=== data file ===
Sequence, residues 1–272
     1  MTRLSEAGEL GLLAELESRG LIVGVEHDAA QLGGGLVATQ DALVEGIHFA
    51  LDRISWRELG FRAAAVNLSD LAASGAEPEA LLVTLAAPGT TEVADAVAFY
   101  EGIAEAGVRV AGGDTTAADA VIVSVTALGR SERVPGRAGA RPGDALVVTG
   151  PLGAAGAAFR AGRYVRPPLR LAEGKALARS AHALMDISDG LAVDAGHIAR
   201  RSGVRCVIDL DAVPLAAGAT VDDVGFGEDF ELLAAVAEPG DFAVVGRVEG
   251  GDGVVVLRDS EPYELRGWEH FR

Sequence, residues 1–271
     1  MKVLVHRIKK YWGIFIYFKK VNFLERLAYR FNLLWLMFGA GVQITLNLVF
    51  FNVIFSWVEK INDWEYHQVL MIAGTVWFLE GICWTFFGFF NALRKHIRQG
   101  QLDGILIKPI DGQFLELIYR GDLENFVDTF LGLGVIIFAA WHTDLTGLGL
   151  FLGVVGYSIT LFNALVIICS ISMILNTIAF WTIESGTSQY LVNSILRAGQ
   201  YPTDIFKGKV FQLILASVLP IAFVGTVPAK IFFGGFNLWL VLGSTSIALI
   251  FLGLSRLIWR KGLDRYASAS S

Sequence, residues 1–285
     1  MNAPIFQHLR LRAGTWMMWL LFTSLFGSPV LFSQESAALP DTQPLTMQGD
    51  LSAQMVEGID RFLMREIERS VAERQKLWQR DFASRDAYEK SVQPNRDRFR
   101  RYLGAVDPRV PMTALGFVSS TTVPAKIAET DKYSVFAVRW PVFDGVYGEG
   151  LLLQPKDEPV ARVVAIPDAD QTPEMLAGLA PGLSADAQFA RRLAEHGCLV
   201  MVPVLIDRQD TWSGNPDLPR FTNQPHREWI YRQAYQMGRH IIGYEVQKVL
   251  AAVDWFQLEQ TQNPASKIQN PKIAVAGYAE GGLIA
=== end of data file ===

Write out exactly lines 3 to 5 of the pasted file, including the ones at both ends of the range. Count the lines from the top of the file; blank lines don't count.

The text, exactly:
    51  LDRISWRELG FRAAAVNLSD LAASGAEPEA LLVTLAAPGT TEVADAVAFY
   101  EGIAEAGVRV AGGDTTAADA VIVSVTALGR SERVPGRAGA RPGDALVVTG
   151  PLGAAGAAFR AGRYVRPPLR LAEGKALARS AHALMDISDG LAVDAGHIAR